SAN FRANCISCO – Engineers still have significant work ahead to deliver small cell base stations, a key piece of the puzzle for easing congestion on heavily loaded mobile data networks.
Powerwave Technologies (Santa Ana, Calif.) showed what it claimed was one of the first shipping small cell base stations at the NGMN Alliance conference here
recently (below, left). Although it is being used in a small-cell network for a U.S. government department, the small cells do not yet interoperate with traditional macro base stations.
So far the traditional base station suppliers have not disclosed details of their X2 interconnects that companies such as Powerwave need to link to the macro cells. Release 10 of Long Term Evolution specifies an inter-cell interference mitigation standard over X2, but operators are not expected to start deploying Release 10 until sometime in 2013
Qualcomm showed a demo at the event of the inter-cell interference technology working on prototype chip sets installed in base stations at its San Diego headquarters. It did not say when those chip sets will ship.
The amount of cellular coverage area subject to inter-cell interference grows from 25 percent with macro cells to 40 percent with macro and small cells, said Andrew Jun, vice president of network strategy at cellular operator KT in Korea that has created centralized pools of 144 to 1,000 cell sites.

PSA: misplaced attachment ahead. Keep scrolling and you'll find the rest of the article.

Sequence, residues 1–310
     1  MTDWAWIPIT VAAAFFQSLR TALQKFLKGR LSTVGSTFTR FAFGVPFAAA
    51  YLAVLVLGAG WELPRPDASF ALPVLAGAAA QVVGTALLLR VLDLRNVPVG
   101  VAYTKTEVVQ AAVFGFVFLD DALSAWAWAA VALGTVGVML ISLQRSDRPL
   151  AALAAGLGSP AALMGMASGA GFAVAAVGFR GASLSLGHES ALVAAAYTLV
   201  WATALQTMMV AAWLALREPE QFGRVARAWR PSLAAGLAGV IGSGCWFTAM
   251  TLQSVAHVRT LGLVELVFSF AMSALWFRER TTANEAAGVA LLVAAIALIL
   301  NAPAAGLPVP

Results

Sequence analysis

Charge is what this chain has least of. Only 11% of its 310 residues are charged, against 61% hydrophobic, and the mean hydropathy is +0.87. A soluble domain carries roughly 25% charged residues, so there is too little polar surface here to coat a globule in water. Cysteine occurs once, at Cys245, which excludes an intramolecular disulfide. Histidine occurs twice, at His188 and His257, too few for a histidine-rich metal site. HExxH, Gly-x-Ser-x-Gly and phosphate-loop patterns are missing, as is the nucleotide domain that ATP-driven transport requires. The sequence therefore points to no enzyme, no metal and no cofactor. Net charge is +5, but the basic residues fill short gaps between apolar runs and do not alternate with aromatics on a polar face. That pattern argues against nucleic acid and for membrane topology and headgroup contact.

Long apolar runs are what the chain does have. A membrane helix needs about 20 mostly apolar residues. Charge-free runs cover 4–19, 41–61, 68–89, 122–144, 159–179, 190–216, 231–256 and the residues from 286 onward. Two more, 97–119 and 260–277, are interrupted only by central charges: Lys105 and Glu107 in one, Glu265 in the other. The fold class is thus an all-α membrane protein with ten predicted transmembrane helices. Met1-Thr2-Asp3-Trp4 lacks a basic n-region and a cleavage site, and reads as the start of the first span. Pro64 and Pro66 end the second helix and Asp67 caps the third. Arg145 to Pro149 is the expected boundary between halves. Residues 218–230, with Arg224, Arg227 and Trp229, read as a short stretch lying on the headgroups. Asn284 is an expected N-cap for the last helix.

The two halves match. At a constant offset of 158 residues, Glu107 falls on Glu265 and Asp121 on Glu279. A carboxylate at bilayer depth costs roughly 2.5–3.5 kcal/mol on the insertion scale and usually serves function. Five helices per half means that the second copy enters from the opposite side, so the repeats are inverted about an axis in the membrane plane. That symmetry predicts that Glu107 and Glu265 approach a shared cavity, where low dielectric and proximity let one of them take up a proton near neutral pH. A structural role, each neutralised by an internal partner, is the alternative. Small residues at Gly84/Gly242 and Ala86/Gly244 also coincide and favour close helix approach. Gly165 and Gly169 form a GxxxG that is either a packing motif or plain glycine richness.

“This is why we introduced [base station] virtualization” said Jun. “With one location managing multiple cells we could have coordinated transmissions to control interference, especially at the cell edge,” he said.
“It’s only a matter of when” until small and macro cell interoperability is ready, said Khurram Sheikh, chief technologist of Powerwave in a panel session at the event. He claimed his company’s small cells support both LTE and Wi-Fi and can increase an operator’s network capacity fifteen-fold while increasing battery life five-fold.
A carrier can increase its capacity as much as twenty-fold adopting heterogeneous networks of small and macro cells, but only if it pools all its spectrum into one combined 3G and LTE net, said Erik Ekudden, head of technology strategy at Ericsson. Most OEMs are still in the design phase for small cells with field trials starting next year, he added.
For its part, Huawei described at the event a merged LTE and 802.11n Wi-Fi hotspot based on Release 8. It can support downloads at about 1.2 Gbits/second using 256 QAM and is now in a lab prototype based on FPGAs and DSPs, said a Huawei engineer.
“Everybody has nice stuff on their slides, but go try to find a good commercial small cell--I can’t find a single vendor to supply one, said Konstantin Yurganov, chief technology officer at Yota, a 4G supplier in Russia, in a talk at the event.
The carrier has as many as 15 percent of its base stations heavily loaded in some cities with as many as 70 to 160 subscribers on a single base station, he said.
Ultimately, small cells will be deployed both in public areas such as lamp posts and in businesses such as cafes and offices. That’s opening up an opportunity for enterprise networking companies to participate.
In a keynote talk, Paul Mankiewich (right), chief technologist for mobility at Cisco Systems, called for a network API enabling broad virtualization across carrier and business nets. The API could build upon technology already in the works at the Wi-Fi Alliance to help identify traffic on public versus private Wi-Fi hotspots, he said.
“We don’t have coherence between enterprise and service provider networks today,” said Mankiewich. “All that depends on two sets of standards that don’t speak to each other today,” he said.